Desibots on the Moon

I’m a tad skeptical, but hey – :: Xinhuanet – English ::

NEW DELHI, Sept. 26 (Xinhuanet) — India’s unmanned moon mission -Chandrayan – is expected to take place in 2007-08 as it is progressing smoothly, the country’s space agency chief G. MadhavanNair said here Sunday. “There has been a lot of debate in the scientific community whether we should do this because of the huge cost, but what I would like to say is that the total cost of the project is just Rs.3.8 billion (83 million US dollars),” Nair, chairman of the IndianSpace Research Organization (ISRO), told reporters.

$83M USD sounds insanely cheap but Nasa’s Lunar Prospector was done for only $62M so perhaps that’s the proper ballpark.

6 thoughts on “Desibots on the Moon

  1. Don’t fall prey to the currency conversion fallacy:

    Stories on tech workers in India always talk condescendingly about ‘ridiculously low’ salaries by looking at currency conversion into dollars, without ever considering buying power in the same country… Converting into dollars is useful when some form of currency arbitrage is going on, earning in one currency and spending in another, but not when both occur within the same country.
  2. Manish — and the Indian industry tried to do cars indigenously as well. But the cars they produced were alot more expensive than the ones they could have imported.

    On top of which, you have to import some of this — materials, machines with which to build other machines, specialized parts, etc.

    Made in India doesn’t necessarily mean cheaper than in the west for a high value added physical product. India does best at bringing down the costs of low quality labor intensive goods (sweatshops) and services. But in the middle, their track record is not so great, especially given the quality problems.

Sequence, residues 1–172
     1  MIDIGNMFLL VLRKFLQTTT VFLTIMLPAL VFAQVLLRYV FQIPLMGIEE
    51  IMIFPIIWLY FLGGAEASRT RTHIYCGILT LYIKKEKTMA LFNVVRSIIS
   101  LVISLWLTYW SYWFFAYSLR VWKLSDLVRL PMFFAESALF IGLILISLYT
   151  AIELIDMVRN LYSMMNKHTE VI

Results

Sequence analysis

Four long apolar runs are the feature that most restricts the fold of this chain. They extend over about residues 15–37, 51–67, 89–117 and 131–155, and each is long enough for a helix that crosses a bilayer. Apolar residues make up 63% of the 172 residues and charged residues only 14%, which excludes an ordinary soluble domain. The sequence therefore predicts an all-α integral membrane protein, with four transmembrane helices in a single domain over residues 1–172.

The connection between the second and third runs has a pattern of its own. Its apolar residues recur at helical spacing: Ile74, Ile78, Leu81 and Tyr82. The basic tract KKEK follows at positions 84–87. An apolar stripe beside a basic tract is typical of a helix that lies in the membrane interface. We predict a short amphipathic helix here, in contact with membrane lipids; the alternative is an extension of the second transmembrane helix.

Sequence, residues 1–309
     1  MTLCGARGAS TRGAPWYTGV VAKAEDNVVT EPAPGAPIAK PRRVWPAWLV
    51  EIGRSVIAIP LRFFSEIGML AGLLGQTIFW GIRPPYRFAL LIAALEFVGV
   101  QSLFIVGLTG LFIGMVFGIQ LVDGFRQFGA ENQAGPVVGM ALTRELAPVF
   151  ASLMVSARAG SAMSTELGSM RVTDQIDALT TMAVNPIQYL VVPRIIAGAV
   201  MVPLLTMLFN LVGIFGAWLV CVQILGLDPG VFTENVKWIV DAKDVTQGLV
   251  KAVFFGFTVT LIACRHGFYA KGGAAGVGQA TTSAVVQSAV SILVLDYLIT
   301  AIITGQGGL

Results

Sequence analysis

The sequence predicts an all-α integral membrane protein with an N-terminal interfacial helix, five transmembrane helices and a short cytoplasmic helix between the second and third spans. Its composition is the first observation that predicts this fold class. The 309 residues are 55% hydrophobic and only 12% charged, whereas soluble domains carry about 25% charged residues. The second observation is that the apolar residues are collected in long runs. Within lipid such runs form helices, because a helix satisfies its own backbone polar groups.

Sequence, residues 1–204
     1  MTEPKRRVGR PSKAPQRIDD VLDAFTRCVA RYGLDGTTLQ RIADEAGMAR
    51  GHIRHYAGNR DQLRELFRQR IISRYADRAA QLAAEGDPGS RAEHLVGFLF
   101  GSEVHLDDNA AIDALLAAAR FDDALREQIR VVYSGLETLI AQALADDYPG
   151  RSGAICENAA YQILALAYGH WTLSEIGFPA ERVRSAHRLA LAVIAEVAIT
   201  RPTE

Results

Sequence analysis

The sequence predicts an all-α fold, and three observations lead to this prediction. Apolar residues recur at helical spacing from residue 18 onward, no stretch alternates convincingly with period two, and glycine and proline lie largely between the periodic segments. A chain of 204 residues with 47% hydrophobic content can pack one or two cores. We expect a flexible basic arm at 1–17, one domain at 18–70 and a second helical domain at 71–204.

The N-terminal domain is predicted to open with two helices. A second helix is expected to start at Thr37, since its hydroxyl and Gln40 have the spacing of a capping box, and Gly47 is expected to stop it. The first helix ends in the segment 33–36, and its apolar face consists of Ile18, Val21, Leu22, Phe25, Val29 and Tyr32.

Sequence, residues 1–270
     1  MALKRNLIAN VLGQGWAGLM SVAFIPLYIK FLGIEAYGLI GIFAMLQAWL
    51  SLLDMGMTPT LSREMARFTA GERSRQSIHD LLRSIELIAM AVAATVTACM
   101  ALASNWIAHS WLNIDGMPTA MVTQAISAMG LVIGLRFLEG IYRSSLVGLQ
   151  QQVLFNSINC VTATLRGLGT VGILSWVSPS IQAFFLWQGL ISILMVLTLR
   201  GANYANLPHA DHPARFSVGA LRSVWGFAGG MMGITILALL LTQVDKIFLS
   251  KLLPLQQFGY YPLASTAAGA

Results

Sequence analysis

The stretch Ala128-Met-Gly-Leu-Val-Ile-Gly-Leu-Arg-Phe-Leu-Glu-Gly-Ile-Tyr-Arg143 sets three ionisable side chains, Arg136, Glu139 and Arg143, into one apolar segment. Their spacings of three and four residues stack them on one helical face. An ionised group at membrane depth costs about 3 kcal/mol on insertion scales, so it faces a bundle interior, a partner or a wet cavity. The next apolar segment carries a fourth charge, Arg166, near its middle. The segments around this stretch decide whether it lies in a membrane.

3. Cars are different than science, where they’re expending a lot on salaries. Space sci is more analogous to software development, I think. Perhaps Abhi can jump in here…

  4. Not exactly sure what your precise argument is but space science doesn’t really have any equivalent when it comes to R&D and design costs except for major military programs. The industry standard for doing cost estimation is a program called PRICE. This program has a variety of metrics it uses to try and obtain the most likey development and operations costs. The factors applied to anything space related products are always the highest. On top of that, the model does not have enough underlying data to be very accurate and usually ends up underestimating costs. Space is just an expensive thing because of the fact that it is still new. This is mostly independent of what country the work is done in. If for example it was cheaper to make satellites in India we would be doing so (with the exception of military satellites). Since India only has a small fraction of the market it stands to reason that either it is not cheaper or the quality is poor.